My Restek colleagues Julie Kowalski, Michelle Misselwitz, and Amanda Rigdon, along with Professor Frank Dorman from The Pennsylvania State University (PSU), report here what we believe is the first QuEChERS extraction of marijuana, with subsequent analysis using GCxGC-TOFMS. We were assisted in this task by Randy Hoffman, a Police Officer Specialist/Evidence Technician at PSU, who very kindly donated the samples confiscated from some students who probably should have had their minds on class, not grass.
Our interest in this topic is mainly about medicine, since at least 15 states (Pennsylvania is not one of them) and Washington DC have enacted laws to legalize medical marijuana. When you fill your prescription, how do you know your remedy is active (potency, or cannabinoid content), pesticide-free, and without bacteria or mold or fungus? Well, you probably don’t, but eventually FDA might get involved and we’ll need good, robust analytical methods, especially for pesticide analysis. We think that you might be able to do one extraction for both potency and pesticide determinations and we’re high on QuEChERS, so we went for it.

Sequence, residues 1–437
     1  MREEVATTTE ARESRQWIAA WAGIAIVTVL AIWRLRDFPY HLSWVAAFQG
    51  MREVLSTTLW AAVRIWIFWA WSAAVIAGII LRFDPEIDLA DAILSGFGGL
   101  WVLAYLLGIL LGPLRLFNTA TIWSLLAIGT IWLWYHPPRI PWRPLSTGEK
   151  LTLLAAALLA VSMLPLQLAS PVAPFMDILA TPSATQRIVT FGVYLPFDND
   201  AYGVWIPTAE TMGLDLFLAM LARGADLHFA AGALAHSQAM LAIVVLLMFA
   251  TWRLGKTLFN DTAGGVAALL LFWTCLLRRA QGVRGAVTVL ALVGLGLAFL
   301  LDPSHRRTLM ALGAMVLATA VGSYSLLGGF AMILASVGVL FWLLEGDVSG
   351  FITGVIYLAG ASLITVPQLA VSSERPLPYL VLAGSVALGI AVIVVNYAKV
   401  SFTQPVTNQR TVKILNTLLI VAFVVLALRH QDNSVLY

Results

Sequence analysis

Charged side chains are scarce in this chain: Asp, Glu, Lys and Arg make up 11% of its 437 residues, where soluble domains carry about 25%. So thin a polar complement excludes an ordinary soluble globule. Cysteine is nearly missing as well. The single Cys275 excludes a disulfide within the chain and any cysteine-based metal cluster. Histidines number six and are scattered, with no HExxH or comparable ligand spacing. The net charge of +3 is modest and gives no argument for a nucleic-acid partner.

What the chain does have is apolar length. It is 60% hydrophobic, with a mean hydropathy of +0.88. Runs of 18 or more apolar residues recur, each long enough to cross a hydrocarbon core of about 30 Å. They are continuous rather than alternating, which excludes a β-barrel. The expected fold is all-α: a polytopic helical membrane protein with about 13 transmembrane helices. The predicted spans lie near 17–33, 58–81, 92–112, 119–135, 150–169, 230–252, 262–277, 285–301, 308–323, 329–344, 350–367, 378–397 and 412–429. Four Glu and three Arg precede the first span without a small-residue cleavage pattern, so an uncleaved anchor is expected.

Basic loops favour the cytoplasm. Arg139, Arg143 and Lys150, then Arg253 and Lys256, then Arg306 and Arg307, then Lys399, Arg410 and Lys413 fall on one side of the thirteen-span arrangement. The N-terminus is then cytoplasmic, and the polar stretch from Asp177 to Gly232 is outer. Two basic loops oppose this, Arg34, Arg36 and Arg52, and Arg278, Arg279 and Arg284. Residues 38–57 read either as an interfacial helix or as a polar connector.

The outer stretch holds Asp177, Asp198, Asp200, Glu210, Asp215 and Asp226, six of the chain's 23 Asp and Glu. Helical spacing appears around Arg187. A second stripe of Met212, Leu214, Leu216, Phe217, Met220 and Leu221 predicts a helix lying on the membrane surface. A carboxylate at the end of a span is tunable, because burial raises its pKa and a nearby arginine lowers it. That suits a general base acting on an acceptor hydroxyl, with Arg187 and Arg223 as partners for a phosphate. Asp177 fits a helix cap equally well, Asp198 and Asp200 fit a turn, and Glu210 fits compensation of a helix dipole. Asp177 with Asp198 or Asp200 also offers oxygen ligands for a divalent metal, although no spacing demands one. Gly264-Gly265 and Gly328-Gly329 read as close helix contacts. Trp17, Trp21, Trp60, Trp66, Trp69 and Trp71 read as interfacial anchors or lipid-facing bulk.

First, the potency work, or cannabinoids determination. Although you don’t need GCxGC for the BIG THREE (cannabidiol, Δ9-THC, cannabinol; by the way, Restek has a reference material containing these compounds…), we used it to illustrate one of the benefits of that technique, the structured chromatogram. In the first figure below, the GCxGC contour plot (or chromatogram), you can see that compound classes position themselves in certain areas. This helps identification, and makes discovery of new compounds within classes a bit easier (e.g. perhaps there are undiscovered cannabinoids out there with medicinal benefits). Zooming in, we can see the terpenoid classes, which are thought to have therapeutic effects. Finally, you can see the cannabinoids, including cannabidiol, one of much interest given that “it has been shown to relieve convulsion, inflammation, anxiety, and nausea, as well as inhibit cancer cell growth” (http://en.wikipedia.org/wiki/Cannabidiol).
We quantified cannabidiol (CBD), Δ9-THC (THC), and cannabinol (CBN) for 4 marijuana samples using QuEChERS and GCxGC-TOFMS and the results are presented in the table below. Since the samples had been stored in an evidence locker for over a year in some cases, the CBN content is relatively high versus fresh marijuana. CBN increases as THC degrades. The THC content is in line with what is typically reported for higher grade illicit marijuana.
Stay tuned for a report on pesticide analysis of marijuana using QuEChERS and GCxGC-TOFMS. As you might imagine, the extracts are extremely complex, similar to what we saw in our dietary supplements work.